He, like most of his neighbouring landowners, declined approaches from EnergieKontor and other windfarm builders in recent years. They are wealthy enough not to need to sacrifice their land to wind turbines. One has just gone into Caribbean tax exile for five years.

Conrad Atkinson, project manager, based at EnergieKontor’s office in Knaresborough, says each turbine will cost between £750,000 and £1m to build. He will not reveal their revenue, nor what deal they have offered to Robert Metcalfe. Figures of a minimum annual payment of £6,000 per unit are mooted. It could be much higher. Roger Tempest, of Broughton Hall, a few miles away and renowned for its trend-setting business park, says he has land-owning friends who are getting £25,000 a turbine.

Mr Tempest advocates energy conservation and hydro power and technical innovation. He says: “The whole wind industry has become a financial thing, anyway. The net gain just doesn’t exist. They are aesthetically intrusive for the sake of so little. They do more harm than good.”

On Wednesday evening Conrad Atkinson addressed windfarm sceptics at the home of Kate Downs, who chairs the parish meeting at Bank Newton, the most closely affected community, albeit of just 17 scattered properties. During 90 minutes of presentation and questioning Mr Atkinson was never flustered and remained good humoured, as did his opposition.

But the majority were not swayed. Kate Downs says, “It’s such a special area, so beautiful and enjoyed by so many people”. She has lived there for 50 years. Her love of the area is shared by a relative newcomer, Chris Emmett. He criticises the lack of widespread consultation in the Craven area, while commenting wryly that the British Mountaineering Council (for example) was approached by EnergieKontor for its views.

Like fellow FCL members he questions the practicality and economics of windfarming. He warns that tourism, which brings in some £230m a year to Craven, could suffer. A fall of a few per cent could cut spending by £9m.

One area of wind-powered success is in factories. Ford has just installed a t
hird turbine at Dagenham, which means that its diesel engine production uses green power.

Local authorities now have to meet targets for renewable energy. In Craven district the target is 18 megawatts at optimum capacity for the national grid a year in 2010 and 48MW in 2021.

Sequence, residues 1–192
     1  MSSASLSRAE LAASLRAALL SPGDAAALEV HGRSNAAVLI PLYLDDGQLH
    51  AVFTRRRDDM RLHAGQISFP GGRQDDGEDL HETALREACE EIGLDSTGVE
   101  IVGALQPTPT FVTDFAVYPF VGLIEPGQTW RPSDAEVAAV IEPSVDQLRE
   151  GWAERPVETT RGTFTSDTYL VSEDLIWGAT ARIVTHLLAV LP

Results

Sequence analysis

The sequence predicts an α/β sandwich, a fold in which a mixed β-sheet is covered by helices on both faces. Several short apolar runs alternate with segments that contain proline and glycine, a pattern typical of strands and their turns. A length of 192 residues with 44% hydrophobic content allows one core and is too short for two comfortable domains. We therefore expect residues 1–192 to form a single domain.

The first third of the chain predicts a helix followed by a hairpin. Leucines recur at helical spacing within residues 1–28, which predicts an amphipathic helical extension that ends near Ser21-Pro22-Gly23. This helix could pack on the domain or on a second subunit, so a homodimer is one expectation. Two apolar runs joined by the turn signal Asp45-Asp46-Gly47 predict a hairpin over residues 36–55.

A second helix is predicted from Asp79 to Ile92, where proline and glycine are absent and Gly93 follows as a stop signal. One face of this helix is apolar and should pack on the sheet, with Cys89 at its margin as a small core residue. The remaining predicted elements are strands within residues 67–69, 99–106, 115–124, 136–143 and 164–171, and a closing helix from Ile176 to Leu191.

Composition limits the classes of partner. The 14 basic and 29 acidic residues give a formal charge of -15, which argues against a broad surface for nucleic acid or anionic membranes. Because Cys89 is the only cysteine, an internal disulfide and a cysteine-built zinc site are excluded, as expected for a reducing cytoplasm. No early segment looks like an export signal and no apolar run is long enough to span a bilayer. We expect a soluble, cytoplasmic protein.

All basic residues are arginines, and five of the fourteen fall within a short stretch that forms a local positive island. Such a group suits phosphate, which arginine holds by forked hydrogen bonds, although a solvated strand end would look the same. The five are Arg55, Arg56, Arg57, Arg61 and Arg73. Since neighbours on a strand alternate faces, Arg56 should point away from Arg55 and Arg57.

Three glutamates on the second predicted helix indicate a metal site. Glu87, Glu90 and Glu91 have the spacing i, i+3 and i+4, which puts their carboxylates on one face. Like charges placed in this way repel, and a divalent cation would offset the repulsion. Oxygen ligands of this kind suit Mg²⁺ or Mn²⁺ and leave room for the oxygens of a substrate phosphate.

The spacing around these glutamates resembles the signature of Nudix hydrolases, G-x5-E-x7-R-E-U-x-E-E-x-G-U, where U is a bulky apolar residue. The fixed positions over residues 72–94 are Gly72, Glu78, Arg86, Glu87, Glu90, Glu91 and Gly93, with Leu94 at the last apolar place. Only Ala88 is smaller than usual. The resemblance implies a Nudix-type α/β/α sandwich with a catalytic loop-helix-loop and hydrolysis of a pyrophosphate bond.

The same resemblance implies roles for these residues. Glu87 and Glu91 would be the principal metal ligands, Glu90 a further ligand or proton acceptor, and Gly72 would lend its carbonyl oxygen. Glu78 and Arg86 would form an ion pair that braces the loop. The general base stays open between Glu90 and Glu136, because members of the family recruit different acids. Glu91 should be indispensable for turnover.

The target for the whole of North Yorkshire is a minimum of 209MW in 2010 and 428MW in 2021. On paper the theoretical annual output of 12 to 14.5mw from Brightenber will go well towards Craven’s target.

Craven Council is preparing a strategy to encourage the development of renewable energy sources. A draft of the plan states: “Larger scale proposals, such as wind turbines, will only be acceptable where it can be shown that they will have only limited adverse impacts on existing communities, landscape quality and the natural and historic environment”.

This may give some hope to Friends of Craven Landscape.

Yorkshire Post

4 April 2008

This article is the work of the source indicated. Any opinions expressed in it are not necessarily those of National Wind Watch.

The copyright of this article resides with the author or publisher indicated. As part of its noncommercial effort to present the environmental, social, scientific, and economic issues of large-scale wind power development to a global audience seeking such information, National Wind Watch endeavors to observe “fair use” as provided for in section 107 of U.S. Copyright Law and similar “fair dealing” provisions of the copyright laws of other nations. Send requests to excerpt, general inquiries, and comments via e-mail.

Wind Watch relies entirely
on User Funding
Donate $5 PayPal Donate


News Watch Home

Get the Facts Follow Wind Watch on Twitter

Wind Watch on Facebook


© National Wind Watch, Inc.
Use of copyrighted material adheres to Fair Use.
"Wind Watch" is a registered trademark.